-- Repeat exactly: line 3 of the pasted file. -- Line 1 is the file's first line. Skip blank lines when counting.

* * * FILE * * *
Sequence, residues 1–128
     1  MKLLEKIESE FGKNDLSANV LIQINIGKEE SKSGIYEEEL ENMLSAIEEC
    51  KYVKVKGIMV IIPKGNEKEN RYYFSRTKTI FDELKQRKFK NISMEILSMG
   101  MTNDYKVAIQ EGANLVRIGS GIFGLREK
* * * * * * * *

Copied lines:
    51  KYVKVKGIMV IIPKGNEKEN RYYFSRTKTI FDELKQRKFK NISMEILSMG